UnCommon Community Against Common Control

*Correction to the August 20, 2013 post.
Commissioner John King will be at School of the Arts on Wednesday, August 28, 2013.

On Wednesday, August 28, 2013 parents, students, teachers, and community members will come together, at the School of the Arts, at 1:00 pm, to protest against the Common Core curriculum being imposed by the New York State Department of Education under the direction of Commissioner John King.

Parents object to the stress on their children and the time away from “real” learning.

Students object to the tediousness and irrelevance of the test.

Teachers object to the exorbitant amount of time taken away from “real” teaching in order to practice for the test, take the test, and review after the test.

And, community members object to the cost of testing to taxpayers with no benefit in return for students or teachers.

With nearly everyone objecting to the Common Core, how is it the State was able to legislate its use as a student assessment and teacher evaluation tool?

The entire community must understand that State legislators and NYSUT worked together to comply with Common Core edicts and in making them law.

States that resisted were given the option to apply for a one year waiver to comply and with the current uprising against the Common Core, there may be even more “back peddling” concerning its nationwide implementation.

It is vitally important that this community protest Commissioner King’s visit since parents, students, and teachers, the most important stakeholders in the educational process, were not invited to meet with and speak to King.

However, it is also vitally important to recognize that this must be the beginning of the battle.

All concerned stakeholders in education must come together to convince state legislators to repeal Common Core legislation.

All concerned stakeholders in education must come together to fight for the right of our children to be educated in a system where they are the focus and an excellent education is the goal.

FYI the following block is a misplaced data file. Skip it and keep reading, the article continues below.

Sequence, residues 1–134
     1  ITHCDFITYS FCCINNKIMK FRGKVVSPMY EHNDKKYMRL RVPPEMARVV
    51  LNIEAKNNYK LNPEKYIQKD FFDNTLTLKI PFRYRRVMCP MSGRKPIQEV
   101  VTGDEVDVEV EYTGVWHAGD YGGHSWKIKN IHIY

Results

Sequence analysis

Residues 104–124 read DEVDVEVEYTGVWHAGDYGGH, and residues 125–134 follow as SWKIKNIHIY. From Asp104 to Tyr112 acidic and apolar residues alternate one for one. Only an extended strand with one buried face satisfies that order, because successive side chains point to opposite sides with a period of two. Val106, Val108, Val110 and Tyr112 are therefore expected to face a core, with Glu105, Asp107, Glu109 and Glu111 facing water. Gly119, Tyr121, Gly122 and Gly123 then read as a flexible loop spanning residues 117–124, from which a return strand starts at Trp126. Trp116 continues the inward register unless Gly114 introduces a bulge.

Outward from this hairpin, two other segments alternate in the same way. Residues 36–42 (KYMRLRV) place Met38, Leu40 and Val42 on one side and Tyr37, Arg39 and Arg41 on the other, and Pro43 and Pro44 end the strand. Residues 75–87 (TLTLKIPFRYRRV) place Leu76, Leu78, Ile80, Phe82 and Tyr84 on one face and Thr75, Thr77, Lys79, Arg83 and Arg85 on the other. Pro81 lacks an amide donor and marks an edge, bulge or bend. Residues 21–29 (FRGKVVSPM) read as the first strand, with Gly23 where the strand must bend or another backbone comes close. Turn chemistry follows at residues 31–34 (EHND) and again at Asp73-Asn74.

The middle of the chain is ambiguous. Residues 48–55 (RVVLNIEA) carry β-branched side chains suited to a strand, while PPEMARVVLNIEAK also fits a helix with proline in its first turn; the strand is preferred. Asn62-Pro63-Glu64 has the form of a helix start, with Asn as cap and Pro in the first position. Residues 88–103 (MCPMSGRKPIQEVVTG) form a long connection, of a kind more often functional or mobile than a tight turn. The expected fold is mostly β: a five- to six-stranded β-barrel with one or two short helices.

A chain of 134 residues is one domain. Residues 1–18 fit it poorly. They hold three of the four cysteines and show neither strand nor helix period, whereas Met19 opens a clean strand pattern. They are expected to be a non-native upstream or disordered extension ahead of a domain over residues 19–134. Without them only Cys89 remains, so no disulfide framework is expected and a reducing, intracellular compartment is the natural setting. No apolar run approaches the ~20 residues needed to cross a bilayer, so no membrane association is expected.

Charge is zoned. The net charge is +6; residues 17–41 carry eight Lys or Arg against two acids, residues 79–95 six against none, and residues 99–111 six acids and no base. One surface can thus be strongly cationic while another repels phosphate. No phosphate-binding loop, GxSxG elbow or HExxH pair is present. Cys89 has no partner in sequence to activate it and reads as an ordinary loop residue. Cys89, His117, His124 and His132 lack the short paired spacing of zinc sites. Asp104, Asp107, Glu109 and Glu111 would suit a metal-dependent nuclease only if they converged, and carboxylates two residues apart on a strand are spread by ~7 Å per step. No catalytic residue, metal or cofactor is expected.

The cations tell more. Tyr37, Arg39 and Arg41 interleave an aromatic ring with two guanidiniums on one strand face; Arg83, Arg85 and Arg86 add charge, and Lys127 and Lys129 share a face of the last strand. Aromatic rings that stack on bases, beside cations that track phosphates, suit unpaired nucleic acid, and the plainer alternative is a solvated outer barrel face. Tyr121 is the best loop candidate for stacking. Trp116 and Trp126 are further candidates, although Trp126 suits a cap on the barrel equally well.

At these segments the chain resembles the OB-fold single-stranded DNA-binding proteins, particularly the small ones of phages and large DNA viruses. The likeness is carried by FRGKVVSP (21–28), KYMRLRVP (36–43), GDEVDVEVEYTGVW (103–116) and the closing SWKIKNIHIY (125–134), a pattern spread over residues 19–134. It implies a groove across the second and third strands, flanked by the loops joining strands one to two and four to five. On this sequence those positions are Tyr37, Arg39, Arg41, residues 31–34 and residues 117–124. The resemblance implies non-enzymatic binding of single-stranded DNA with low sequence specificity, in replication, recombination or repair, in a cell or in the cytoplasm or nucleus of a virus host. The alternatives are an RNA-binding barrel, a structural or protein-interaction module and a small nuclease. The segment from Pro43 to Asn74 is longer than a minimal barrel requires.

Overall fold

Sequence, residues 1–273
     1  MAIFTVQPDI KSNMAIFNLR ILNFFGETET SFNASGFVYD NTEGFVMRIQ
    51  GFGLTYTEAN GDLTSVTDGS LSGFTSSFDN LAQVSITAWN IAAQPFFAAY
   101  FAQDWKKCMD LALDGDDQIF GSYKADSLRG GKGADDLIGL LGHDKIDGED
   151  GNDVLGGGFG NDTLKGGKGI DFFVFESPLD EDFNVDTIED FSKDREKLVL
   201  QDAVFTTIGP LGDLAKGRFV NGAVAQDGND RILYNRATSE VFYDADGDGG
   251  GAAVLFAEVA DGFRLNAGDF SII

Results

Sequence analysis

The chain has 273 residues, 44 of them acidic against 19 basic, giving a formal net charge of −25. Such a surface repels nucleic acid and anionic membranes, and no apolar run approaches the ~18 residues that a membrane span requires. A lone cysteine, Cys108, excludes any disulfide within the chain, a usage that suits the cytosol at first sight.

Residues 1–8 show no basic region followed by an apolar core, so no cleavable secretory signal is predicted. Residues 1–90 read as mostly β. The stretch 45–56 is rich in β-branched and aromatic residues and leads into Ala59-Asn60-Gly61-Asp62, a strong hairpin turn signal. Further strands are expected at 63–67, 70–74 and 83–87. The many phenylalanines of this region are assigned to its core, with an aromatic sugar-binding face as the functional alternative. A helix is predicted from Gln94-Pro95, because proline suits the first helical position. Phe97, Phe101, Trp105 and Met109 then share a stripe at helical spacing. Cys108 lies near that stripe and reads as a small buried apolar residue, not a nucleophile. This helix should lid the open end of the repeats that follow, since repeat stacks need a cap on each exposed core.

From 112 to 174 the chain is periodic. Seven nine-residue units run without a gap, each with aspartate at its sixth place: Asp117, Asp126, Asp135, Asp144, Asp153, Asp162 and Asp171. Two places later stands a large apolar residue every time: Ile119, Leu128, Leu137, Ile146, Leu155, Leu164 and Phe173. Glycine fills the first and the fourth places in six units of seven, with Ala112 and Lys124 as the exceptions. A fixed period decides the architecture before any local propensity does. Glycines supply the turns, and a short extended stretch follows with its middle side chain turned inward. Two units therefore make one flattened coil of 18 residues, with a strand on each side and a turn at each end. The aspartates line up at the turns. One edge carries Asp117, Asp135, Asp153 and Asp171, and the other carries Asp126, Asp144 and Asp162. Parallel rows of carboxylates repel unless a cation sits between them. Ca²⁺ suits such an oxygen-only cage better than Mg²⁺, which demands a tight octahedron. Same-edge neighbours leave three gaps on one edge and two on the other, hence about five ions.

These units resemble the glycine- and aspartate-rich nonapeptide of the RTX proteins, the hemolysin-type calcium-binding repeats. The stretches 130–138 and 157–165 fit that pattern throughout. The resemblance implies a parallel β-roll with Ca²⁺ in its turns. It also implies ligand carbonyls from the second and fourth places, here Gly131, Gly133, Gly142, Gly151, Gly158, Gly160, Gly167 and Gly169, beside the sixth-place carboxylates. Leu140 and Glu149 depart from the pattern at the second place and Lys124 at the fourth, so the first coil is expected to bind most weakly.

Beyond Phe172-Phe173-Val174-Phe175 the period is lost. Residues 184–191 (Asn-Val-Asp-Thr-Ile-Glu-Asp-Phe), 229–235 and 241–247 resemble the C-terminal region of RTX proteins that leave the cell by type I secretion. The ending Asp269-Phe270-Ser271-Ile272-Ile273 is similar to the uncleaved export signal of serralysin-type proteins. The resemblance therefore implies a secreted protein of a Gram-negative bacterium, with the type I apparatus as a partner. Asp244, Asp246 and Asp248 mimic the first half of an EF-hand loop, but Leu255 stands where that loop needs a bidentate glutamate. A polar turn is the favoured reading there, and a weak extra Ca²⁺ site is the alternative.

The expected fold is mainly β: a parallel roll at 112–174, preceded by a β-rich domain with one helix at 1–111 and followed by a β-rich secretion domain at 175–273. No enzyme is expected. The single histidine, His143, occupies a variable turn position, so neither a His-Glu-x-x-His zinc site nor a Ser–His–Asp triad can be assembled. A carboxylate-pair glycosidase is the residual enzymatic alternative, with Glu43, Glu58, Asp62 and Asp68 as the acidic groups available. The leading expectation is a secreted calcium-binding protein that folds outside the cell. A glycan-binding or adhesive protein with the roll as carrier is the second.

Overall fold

We must come together to protest, we must work together to change the system of education.

Our children are not “common” and their education should not be “common” either.

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Failure Fuels Funding

“Thirty-four states and the District of Columbia have made it more attractive to seek welfare benefits than entry-level employment.Cato Institute.”

“The federal government currently funds 126 separate programs targeted toward low-income people. . . State, county, and municipal governments operate additional welfare programs. . . . welfare spending has steadily increased at an unchecked rate, outpacing average entry-level incomes and making it more attractive in some areas to seek welfare over employment.”

New York State Welfare Spending
Pre-tax Equivalent ($): 43,700
Hourly Wage Equivalent ($): 20.01
Unemployment: 7.5 percent

(New York State’s unemployment rate is .1 percent higher than the national rate.)

Most Americans don’t mind the government spending their tax dollars on social welfare programs. These social welfare programs employ thousands of people per state, and millions across the country. In order for these people to remain employed, there has to be an impoverished population to maintain the necessity for social programs and the people that run them.

Considering the fact that even the most basic employment requires an education, the failure to provide that education to a certain group of people, African Americans and Latinos, insures that the educated, who are primarily White and Asian, will have jobs while the impoverished will remain on welfare.

Being paid more on welfare than working is not new. Looking at the reality of why a certain group of people are paid to remain on welfare has yet to be examined.

The truth is, in order to maintain the class system that exists in America, there has to be a lower class and the majority population of that lower class has always been African Americans, Latinos, and Native Americans, not so ironically, the same groups that our current system of education is failing.

As long as Americans accept the notion of “Middle Class” they blindly agree that there should be a “lower class” of people and an “upper class”. Only mis-education can perpetuate this kind of ignorance.

The only way to change this dehumanizing system is to properly educate every child.